In KZ Gleiwitz, Kraus was probably the last person to talk to Karel Poláček and Fritz Taussig before they both died of the terrible conditions of the camp.
He was later reassigned at the turn of 1944 and 1945 to another factory to work, to Blechhammer (today Blachownia). In March 1945, the Nazi labor camps began to liquidate and organize the march of death. From Blechhammer, the death march was also dispatched, but he and several other people (including George Brady) managed to escape, and thanks to the partisans via Poland and the Carpathian Ruthenia in April 1945, they were already liberated in Budapest.
In Budapest, Kraus began to recover from the hardships of the camps. He contacted the people he knew as a journalist. They got him basic help, rented a small flat in Arpad utca. In Budapest he wrote down his experiences. In May 1945 he arrived in Prague and had already a manuscript for a book; A Book-report named Gas, gas ... then the fire was released in September 1945 and it was the very first report about the extermination camps that came out in Czechoslovakia. Published by Chvojka. The second part A brings back our scattered ... it was a sequel, but from another angle. The emphasis is here on the make-up of the period in Terezín. She went a little later, also with an envelope from his friend, who also survived a stay in the camp, the academic painter David Friedmann.
After the warEdit
Immediately when Prague was liberated, Kraus came back home. He was miraculously reunited with not only his wife Alice, who also survived Terezín and Auschwitz, but also both of Kraus' parents survived b a[clarification needed]miracle. They then lived together at the Jewish Quarter in Prague.
The Communist Putsch in Czechoslovakia in 1948 influenced not only Kraus' works, but also himself. After the war, he rejoined the Czech Press Office and Czechoslovak Radio, where he became the founder and head of short-wave foreign broadcasting. He also acted as a speaker in the English, French and German editorial and commentator for Central Europe, his most important student being Arnost Lustig. All this ended in the early 1950s during the Process with the Slansky. Kraus has lost his seat in both CTK and Radio. He was not allowed to publish, his work was repeatedly changed by the censorship regime, then completely rebuked, with the slightest reasoning that "the Holocaust has been completely exhausted for five years after the war, it is past and no one else is interested in. People now have to focus on the future, Building a new, better and more just society - Communism. "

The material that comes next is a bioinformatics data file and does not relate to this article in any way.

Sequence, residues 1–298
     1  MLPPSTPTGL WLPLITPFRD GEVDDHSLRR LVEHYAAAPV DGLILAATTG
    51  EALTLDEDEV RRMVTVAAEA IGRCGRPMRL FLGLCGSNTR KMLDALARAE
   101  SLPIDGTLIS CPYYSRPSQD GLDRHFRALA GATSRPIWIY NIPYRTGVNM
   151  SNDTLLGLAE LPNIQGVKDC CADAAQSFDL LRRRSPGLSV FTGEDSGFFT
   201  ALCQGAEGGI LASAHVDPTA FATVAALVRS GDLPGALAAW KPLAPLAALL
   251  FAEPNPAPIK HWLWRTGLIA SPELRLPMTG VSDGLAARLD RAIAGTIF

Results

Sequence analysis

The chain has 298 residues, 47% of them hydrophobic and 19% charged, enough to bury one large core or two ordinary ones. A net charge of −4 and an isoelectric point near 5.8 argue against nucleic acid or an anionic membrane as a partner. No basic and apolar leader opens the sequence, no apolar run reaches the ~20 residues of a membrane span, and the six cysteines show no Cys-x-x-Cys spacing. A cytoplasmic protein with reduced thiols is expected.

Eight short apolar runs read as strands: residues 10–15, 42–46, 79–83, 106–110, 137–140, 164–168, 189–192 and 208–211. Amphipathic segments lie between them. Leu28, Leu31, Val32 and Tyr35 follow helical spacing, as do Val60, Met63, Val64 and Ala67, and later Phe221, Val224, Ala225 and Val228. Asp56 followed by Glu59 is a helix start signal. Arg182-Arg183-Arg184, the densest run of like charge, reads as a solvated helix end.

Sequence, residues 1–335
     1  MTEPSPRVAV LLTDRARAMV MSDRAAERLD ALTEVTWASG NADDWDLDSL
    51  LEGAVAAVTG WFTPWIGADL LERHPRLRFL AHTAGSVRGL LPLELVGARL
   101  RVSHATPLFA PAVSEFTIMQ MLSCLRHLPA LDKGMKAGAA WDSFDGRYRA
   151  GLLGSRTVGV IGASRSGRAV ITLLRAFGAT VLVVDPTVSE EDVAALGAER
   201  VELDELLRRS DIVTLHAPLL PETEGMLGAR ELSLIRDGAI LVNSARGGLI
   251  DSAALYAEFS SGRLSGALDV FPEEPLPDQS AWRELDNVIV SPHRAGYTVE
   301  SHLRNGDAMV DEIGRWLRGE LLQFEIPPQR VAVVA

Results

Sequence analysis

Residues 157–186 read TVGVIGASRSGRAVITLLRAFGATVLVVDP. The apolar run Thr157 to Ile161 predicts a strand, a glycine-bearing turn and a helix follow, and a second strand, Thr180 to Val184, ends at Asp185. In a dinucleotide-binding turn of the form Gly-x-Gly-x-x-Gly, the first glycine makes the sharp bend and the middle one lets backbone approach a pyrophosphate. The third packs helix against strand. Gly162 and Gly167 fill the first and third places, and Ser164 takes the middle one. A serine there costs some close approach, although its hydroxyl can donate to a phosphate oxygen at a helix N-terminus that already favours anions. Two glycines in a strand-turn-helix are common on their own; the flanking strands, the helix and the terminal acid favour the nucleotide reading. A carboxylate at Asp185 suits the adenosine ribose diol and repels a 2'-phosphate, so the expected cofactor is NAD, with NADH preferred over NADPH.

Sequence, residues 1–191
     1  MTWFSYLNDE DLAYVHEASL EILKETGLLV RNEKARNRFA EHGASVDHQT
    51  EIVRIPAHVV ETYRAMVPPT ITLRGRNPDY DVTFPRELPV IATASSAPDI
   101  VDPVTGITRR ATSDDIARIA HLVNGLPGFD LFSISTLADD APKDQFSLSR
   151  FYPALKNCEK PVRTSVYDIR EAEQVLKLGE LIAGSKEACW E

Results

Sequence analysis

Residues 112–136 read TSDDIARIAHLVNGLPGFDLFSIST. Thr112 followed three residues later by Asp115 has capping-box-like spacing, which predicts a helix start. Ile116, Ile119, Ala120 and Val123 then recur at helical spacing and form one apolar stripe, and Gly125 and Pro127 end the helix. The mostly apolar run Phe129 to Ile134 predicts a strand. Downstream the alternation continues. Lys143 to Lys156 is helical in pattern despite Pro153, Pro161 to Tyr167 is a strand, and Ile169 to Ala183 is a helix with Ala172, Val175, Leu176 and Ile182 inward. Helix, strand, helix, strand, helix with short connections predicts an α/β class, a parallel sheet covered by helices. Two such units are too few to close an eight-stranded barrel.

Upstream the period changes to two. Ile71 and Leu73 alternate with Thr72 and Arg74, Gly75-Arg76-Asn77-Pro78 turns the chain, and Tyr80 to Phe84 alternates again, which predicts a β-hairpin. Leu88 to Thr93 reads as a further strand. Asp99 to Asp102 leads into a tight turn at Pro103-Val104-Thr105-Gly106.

No more work was left out of the publishing house - The Three Rifles novel, the novel for children The Song about Lée, and the latest Kraus novel The face number 5, where the main role is played by a Nazi criminal who changes the form and identity after the war. This theme was used in the Barrandov film Lost Face, but without mentioning any mention of the original author.
Kraus, however, published under pseudonyms or foreign names, especially his stories from Old Prague at the end of the 19th and the beginning of the 20th century, enjoyed a great popularity in the 1960s and came, for example, in Evening Prague. Under his own name he published regularly in the Jewish Yearbook.  He was employed at the Jewish religious community in Prague, where he headed the cultural department. Thanks to his rich contacts at this time, such personalities such as Jan Werich, Karel Gott, Judita Čeřovská and Waldemar Matuska performed in the cultural programs and celebrations of the Jewish holidays.
Franz Kraus died in Prague on May 19, 1967. He was to welcome the "ice melting" after the Liberec conference on Franz Kafka, which he considered to be a turning point in cultural and political life, but the Prague Spring did not.
He is buried at the New Jewish Cemetery in Prague.
In 2003, Bystrov and his sons published a novel from the environment of Old Prague, Terezin and Auschwitz without a shadow. In 2013, the 3rd edition of the book Gas, Gas ..., then Fire (Grantis) was released. In May 2015, the book Holocaust, a blind track of history, was published by Roman Cielko, the researcher and literary writer, where Kraus's memories are one third of the book.
- Gas, gas... then Fire (Plyn, plyn… pak oheň) (1945)
- And Bring Back Our Scattered Ones (A přiveď zpět naše roztroušené)
- David will Live (Originally Shemaryahu seeks God) (David bude žít; Šemarjáhu hledá Boha)
- A Changed Land (Proměněná země) (1957)
- A Hangman Without a Shadow (Kat beze stínu) (written in the 1960s, published illegally in samizdat in 1984, officially published in 2003)
- Drůš Mauruse Blocha
Sources and further readingEdit